Recent research argues that the Western Cape oceans are polluted by pharmaceutical and industrial chemical compounds. and it is affecting fish and sea life.
Kieno Kammies talks to Xanthea Limberg, mayoral committee member for water and waste services for the City of Cape Town, about whether its systems are coping with increased volumes of waste that are allegedly ending up in our oceans causing pollution.
This debate is an important one to have and residents need to be provided with factual information both for peace of mind and to mitigate the damage of that research on small scale fishermen mentioned.— Xanthea Limberg, Mayco member for water and waste services - City of Cape Town
She says the City, as well as external scientific agencies such as CSIR, have conducted their own testing.
It shows that the concentration of pollution in our marine environment is what we term at trace levels., meaning you would need to consume about 147,000 kgs of snoek or 60,000 whole snoek at a single sitting in order to ingest the equivalent of one Dicloflam tablet as an example.— Xanthea Limberg, Mayco member for water and waste services - City of Cape Town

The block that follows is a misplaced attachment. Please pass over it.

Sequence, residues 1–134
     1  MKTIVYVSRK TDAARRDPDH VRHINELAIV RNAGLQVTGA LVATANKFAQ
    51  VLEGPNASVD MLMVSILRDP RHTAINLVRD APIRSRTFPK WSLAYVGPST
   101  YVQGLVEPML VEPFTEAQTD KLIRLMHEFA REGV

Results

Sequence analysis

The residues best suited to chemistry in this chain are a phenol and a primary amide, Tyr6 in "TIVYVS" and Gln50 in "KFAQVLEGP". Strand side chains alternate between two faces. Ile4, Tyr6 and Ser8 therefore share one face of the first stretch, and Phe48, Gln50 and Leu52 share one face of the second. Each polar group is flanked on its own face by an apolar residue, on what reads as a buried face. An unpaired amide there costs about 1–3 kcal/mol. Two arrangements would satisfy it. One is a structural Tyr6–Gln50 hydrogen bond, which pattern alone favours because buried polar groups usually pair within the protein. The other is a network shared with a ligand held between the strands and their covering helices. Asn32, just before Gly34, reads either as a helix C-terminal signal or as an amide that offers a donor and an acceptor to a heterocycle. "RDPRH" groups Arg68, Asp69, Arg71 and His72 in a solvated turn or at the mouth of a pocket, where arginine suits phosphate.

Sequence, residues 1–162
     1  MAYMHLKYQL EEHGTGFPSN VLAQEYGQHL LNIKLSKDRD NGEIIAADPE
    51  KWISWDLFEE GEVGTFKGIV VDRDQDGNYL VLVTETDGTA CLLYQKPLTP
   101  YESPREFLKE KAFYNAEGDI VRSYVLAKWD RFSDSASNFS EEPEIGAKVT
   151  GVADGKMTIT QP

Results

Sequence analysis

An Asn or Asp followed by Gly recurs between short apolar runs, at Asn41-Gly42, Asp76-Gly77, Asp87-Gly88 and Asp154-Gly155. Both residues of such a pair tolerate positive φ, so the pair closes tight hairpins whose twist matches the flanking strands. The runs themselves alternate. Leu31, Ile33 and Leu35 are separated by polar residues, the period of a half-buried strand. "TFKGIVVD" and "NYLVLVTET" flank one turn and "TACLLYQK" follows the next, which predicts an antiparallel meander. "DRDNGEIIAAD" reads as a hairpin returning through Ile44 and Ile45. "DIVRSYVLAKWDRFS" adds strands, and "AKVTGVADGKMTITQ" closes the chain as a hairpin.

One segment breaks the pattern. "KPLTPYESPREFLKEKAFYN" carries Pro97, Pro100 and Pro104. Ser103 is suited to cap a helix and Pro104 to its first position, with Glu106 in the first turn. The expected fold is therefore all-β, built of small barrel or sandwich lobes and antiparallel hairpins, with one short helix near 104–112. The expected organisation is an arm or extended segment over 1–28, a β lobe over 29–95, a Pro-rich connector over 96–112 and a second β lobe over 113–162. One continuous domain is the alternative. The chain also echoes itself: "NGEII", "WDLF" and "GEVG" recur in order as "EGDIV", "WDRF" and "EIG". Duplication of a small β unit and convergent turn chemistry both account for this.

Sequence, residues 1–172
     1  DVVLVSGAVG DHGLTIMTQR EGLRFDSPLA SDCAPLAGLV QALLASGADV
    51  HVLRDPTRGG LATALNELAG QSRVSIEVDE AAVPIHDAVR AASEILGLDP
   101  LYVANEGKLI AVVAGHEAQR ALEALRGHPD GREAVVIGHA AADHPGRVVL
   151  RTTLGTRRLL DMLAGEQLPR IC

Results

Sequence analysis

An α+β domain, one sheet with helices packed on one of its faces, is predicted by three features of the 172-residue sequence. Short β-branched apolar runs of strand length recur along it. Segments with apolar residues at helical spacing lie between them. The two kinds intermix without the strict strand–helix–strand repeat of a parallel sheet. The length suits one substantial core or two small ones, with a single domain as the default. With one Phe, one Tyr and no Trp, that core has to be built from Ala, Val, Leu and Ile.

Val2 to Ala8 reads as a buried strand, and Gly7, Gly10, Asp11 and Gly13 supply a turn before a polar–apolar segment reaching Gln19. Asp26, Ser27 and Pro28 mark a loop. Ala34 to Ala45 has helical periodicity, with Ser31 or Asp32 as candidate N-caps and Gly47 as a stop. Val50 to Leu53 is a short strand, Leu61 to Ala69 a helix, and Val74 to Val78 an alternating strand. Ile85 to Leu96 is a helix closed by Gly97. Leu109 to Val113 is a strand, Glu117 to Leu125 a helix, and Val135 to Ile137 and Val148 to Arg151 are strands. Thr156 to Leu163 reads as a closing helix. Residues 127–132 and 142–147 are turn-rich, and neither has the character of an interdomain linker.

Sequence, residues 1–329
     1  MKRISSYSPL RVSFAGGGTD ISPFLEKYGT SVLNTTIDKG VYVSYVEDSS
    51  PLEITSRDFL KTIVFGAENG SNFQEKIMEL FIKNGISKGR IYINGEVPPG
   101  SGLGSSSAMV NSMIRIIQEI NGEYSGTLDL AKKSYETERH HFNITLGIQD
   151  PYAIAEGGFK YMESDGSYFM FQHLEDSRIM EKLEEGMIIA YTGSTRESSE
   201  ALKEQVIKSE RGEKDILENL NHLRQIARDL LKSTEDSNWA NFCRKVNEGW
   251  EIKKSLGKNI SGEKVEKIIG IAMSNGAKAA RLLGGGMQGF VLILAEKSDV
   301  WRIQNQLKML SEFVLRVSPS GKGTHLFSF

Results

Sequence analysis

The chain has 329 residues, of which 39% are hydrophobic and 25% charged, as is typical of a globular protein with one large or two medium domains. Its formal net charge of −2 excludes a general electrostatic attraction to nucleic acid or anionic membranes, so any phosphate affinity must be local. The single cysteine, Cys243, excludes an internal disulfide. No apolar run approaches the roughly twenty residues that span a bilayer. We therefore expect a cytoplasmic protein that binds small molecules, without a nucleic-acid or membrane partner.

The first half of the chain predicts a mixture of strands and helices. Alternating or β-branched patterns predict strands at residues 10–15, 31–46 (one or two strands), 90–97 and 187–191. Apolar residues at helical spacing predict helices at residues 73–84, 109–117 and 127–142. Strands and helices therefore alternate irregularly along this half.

Fish such as snoek also migrate and so will eat food from areas further afield than just the Cape waters, she adds.
Limberg agrees however that as long as humans continue to use the over 84,000 synthetic chemicals in common use, it will end up in our water.
No conventional wastewater treatment plant in the world can remove all those compounds from effluent.— Xanthea Limberg, Mayco member for water and waste services - City of Cape Town
The City is always upgrading the plants, she notes.
The City is concerned with the issue of ocean pollution and contamination, she insists.
The City of Cape Town believes like the rest of the international scientific community that further research into the long-term effects of chemicals on our health is necessary.— Xanthea Limberg, Mayco member for water and waste services - City of Cape Town
The City has, therefore, stepped up the scale of research, she says.
Listen to the interview below: